How to detect the end-user web browser from within canvas app

There's no direct way to retrieve the session ID from within a running Power App. A workaround to this issue is to retrieve the session ID by calling a Flow. This post walks through how to implement this technique.

There may be scenarios where it's necessary to detect the browser of the current user. One reason this is important is because we may want an app to behave differently depending on the target browser.

For example, we may want to add or hide features on a specific mobile device (e.g., make a feature available on a iOS device only), or we may want to format hyperlinks differently on an IE device (e.g., IE supports file/UNC hyperlinks, unlike Chrome), or we may want to display a label that prompts users of older browsers to upgrade to a newer browser.

With Power Apps, there is no native way to determine the browser of the current user. If there were, the natural place to access this would be through the App signal.

However, we can implement the same technique that I described in my post here, which is to call a Flow and to retrieve the meta data from the HTTP header.

What's a 'user agent'?

Using the technique that I described in my previous post, we can create a flow, and retrieve the "user agent" from the trigger body. The screenshot beneath shows an excerpt of the trigger body data that we can retrieve from a flow that we call from Power Apps.

The user agent string is a standard feature of HTTP requests. Whenever a browser or client makes a request to a website, it passes a user agent string that contains information that includes the web browser name, operating system, device type and lots of other useful bits of information.

However, every browser and device sends the user agent in a different format, which makes it difficult to extract the exact details that we require.

Developers and app builders can use a website such as "". This site enables us to enter a user agent, and to return the source operating system, browser, and version.

This post focuses on retrieving the name of the web browser only. We'll use the simple algorithm that's highlighted in this post here, which is to carry out the browser detection based on the presence of the browser name in the user agent string.

Creating a Flow that retrieves the User Agent

Using the same technqiue that I described in my previous post, we create an 'Instant cloud flow' with a PowerApps trigger.

Next, we can retrieve the user agent into a string variable by addin an 'initialize variable' action, and setting the value to the following expression:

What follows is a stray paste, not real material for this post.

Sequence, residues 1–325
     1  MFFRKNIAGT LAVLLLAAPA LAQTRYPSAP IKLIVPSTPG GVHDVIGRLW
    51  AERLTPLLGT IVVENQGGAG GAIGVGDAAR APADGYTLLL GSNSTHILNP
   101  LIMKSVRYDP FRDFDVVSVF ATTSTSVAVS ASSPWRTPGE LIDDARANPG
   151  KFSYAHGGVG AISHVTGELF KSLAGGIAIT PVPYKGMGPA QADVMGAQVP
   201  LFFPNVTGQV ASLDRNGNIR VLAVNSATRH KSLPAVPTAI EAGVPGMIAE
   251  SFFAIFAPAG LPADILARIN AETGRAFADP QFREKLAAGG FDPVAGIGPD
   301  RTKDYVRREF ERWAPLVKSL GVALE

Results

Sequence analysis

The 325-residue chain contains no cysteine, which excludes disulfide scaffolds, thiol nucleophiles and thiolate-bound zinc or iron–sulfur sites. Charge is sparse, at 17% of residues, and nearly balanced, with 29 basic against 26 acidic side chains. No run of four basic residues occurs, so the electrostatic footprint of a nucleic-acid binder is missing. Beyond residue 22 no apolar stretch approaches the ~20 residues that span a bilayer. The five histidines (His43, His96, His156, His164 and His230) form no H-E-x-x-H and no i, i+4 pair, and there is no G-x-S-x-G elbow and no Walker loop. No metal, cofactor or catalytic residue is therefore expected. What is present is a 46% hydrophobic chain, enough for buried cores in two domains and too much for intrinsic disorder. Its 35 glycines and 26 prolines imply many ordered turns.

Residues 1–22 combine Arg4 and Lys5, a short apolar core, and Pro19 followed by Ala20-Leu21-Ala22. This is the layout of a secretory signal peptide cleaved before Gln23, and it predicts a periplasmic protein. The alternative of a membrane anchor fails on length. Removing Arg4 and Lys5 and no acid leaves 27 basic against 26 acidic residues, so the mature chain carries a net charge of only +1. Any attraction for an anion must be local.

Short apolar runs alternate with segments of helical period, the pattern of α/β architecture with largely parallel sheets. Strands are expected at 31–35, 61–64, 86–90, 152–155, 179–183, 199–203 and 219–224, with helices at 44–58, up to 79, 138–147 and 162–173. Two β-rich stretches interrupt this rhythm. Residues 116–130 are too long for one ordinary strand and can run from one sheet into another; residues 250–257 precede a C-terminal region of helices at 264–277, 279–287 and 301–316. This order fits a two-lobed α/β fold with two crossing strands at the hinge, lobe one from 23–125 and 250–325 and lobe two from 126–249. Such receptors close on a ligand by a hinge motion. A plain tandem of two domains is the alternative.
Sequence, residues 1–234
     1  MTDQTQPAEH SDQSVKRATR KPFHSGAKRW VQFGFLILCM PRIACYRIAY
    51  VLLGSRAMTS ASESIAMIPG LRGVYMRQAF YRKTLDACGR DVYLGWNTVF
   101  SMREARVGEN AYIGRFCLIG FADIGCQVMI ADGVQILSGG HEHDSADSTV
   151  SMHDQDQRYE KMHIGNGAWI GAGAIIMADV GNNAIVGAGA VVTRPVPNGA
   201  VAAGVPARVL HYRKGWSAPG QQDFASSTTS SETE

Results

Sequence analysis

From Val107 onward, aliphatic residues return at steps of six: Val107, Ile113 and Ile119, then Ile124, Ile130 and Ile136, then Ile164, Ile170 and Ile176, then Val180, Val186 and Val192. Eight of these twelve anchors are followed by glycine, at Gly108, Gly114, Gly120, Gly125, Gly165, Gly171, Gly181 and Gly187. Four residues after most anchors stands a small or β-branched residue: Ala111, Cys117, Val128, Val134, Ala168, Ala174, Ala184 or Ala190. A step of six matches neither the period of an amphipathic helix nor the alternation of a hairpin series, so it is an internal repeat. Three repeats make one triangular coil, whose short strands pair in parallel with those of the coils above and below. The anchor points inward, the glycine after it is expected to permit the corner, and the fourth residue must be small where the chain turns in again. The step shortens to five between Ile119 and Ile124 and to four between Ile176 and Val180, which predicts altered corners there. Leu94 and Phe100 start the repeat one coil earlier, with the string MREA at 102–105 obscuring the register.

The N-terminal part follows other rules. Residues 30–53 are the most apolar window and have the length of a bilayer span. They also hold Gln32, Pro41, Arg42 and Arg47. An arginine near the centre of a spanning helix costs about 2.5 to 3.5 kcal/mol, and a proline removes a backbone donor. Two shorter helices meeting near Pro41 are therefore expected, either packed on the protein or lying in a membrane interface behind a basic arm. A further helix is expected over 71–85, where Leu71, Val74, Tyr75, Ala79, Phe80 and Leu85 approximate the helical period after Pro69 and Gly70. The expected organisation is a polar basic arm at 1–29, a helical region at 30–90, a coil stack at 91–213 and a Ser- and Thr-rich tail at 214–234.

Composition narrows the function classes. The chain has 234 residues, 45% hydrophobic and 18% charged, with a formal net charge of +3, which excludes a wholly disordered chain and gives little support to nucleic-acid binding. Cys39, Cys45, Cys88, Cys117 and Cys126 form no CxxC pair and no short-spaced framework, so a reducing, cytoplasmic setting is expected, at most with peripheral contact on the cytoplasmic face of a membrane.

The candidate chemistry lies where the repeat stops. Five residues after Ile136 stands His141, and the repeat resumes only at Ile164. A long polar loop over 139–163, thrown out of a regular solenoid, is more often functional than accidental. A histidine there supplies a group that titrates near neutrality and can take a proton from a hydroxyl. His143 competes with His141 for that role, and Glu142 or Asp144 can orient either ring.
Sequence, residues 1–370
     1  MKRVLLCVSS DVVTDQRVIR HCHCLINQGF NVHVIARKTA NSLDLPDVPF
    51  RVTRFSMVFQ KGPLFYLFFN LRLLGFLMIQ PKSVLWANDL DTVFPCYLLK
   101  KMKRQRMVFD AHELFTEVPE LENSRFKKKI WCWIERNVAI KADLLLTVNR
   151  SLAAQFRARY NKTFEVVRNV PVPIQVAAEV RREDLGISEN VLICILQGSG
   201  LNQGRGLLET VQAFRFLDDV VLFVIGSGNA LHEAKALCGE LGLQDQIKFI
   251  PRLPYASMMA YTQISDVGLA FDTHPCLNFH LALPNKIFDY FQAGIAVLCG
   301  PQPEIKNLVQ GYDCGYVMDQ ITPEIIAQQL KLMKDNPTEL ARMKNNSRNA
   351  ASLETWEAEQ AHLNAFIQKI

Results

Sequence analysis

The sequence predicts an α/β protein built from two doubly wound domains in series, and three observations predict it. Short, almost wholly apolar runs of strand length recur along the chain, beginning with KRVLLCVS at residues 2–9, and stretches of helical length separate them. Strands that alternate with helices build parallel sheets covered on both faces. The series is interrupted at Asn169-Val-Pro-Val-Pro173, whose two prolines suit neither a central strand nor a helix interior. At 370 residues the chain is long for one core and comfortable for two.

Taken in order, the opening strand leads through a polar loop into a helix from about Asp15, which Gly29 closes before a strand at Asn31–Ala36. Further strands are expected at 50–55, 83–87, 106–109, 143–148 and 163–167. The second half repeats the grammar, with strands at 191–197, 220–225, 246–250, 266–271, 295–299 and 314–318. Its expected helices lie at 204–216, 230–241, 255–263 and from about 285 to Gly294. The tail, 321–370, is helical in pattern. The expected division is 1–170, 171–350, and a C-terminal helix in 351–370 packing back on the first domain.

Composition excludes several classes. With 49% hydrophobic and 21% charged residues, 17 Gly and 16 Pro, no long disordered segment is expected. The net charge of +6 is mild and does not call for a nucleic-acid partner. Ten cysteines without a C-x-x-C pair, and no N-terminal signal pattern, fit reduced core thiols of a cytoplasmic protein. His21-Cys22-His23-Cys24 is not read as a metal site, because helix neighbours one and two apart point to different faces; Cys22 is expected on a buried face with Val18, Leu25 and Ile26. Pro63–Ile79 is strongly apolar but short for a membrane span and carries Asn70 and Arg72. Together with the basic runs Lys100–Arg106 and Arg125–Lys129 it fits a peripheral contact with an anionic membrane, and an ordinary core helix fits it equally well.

In the final step of our flow, we add a 'Respond to a PowerApp flow' action to return the variable that contains the user agent.

Calling the flow to retrieve the User Agent from Power Apps

From Power Apps we can now call our flow to retrieve the user agent string.

From the Action > Power Automate menu item, we add our flow. Assuming that the name of our flow is GetPowerAppsUserAgent, we can use the following formula to call the flow and to store the user agentĀ  in a Power Apps variable called varUserAgent.

The screenshot beneath shows how to attach this formula to the OnSelect property of a button. We could equally attach this to the OnVisible property of a screen, or the OnStart property of an app. The label beneath shows the user agent string that the flow retrieves.

Retrieving the browser name from the User Agent

After we retrieve the user agent string, we can write string manipulation formula to extract the browser name. Here's an example that uses the algorithm from the Stack Overflow post from above.

If("edge" in ua, "MS Edge (legacy)",
If("edg" in ua, "MS Edge (Chromium)",
If(("opr" in ua) And !("window.opr" in ua) , "Opera",
If(("chrome" in ua) And !("" in ua) , "Chrome",
If("trident" in ua, "Internet Explorer",
If("firefox" in ua, "Firefox",
If("safari" in ua, "Safari",


There's no direct way to retrieve the browser, OS, or device from within a running Power App. A workaround is to retrieve the user agent from the trigger body of a flow, and to return it to Power Apps through a 'Respond to a PowerApp flow' action. We can then parse the output to determine these details.

Note (08-Aug-2021):
Bill Hess from Pixel Privacy has sent me the details of an informative guide that he has written on browser fingerprinting. His guide provides context about the information that WhatIsMyBrowser provides and offers advice on how users can better protect their privacy when browsing the web. You can visit Bill's guide here.